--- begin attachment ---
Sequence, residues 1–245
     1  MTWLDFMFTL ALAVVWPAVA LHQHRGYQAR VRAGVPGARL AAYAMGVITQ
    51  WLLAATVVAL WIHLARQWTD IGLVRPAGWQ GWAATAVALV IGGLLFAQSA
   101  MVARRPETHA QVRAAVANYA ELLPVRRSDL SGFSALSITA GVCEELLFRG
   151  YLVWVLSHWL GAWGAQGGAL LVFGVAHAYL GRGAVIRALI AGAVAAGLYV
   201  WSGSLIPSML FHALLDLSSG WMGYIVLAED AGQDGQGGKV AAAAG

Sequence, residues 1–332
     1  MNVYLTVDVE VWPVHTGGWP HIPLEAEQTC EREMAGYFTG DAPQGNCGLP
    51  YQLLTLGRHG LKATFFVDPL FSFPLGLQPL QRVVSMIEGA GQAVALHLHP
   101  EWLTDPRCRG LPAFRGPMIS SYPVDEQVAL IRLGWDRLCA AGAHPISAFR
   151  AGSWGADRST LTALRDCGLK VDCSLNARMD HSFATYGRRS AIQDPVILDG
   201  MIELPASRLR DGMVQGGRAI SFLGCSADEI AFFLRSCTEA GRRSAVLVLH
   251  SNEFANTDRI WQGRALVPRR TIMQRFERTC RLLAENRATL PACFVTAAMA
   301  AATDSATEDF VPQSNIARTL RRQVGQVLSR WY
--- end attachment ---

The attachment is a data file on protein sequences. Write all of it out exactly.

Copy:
Sequence, residues 1–245
     1  MTWLDFMFTL ALAVVWPAVA LHQHRGYQAR VRAGVPGARL AAYAMGVITQ
    51  WLLAATVVAL WIHLARQWTD IGLVRPAGWQ GWAATAVALV IGGLLFAQSA
   101  MVARRPETHA QVRAAVANYA ELLPVRRSDL SGFSALSITA GVCEELLFRG
   151  YLVWVLSHWL GAWGAQGGAL LVFGVAHAYL GRGAVIRALI AGAVAAGLYV
   201  WSGSLIPSML FHALLDLSSG WMGYIVLAED AGQDGQGGKV AAAAG

Sequence, residues 1–332
     1  MNVYLTVDVE VWPVHTGGWP HIPLEAEQTC EREMAGYFTG DAPQGNCGLP
    51  YQLLTLGRHG LKATFFVDPL FSFPLGLQPL QRVVSMIEGA GQAVALHLHP
   101  EWLTDPRCRG LPAFRGPMIS SYPVDEQVAL IRLGWDRLCA AGAHPISAFR
   151  AGSWGADRST LTALRDCGLK VDCSLNARMD HSFATYGRRS AIQDPVILDG
   201  MIELPASRLR DGMVQGGRAI SFLGCSADEI AFFLRSCTEA GRRSAVLVLH
   251  SNEFANTDRI WQGRALVPRR TIMQRFERTC RLLAENRATL PACFVTAAMA
   301  AATDSATEDF VPQSNIARTL RRQVGQVLSR WY